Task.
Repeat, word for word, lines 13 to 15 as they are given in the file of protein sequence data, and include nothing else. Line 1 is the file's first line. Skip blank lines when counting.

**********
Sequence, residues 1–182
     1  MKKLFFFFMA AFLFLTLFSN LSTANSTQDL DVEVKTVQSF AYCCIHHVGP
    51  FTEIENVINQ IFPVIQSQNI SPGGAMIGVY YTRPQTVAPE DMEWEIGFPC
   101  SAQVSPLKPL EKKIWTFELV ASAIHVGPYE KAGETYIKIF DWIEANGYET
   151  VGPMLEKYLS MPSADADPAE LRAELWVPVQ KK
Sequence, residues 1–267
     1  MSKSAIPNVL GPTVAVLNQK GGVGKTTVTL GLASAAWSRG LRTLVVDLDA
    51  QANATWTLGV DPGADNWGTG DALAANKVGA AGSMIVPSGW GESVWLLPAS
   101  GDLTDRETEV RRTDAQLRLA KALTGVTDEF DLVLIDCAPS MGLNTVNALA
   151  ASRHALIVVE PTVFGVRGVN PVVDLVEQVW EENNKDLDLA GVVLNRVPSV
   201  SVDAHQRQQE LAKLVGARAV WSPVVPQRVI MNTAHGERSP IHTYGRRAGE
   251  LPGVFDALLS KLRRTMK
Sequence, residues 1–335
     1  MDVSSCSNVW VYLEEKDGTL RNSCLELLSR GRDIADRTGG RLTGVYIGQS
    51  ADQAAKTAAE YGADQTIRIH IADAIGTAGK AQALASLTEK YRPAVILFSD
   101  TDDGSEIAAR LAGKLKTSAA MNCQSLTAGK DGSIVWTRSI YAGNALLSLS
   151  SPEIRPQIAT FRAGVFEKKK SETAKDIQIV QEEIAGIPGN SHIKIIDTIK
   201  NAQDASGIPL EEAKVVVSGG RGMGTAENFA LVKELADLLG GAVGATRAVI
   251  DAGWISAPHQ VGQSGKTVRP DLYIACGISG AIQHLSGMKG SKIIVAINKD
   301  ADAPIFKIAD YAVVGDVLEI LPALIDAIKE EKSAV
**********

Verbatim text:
Sequence, residues 1–335
     1  MDVSSCSNVW VYLEEKDGTL RNSCLELLSR GRDIADRTGG RLTGVYIGQS
    51  ADQAAKTAAE YGADQTIRIH IADAIGTAGK AQALASLTEK YRPAVILFSD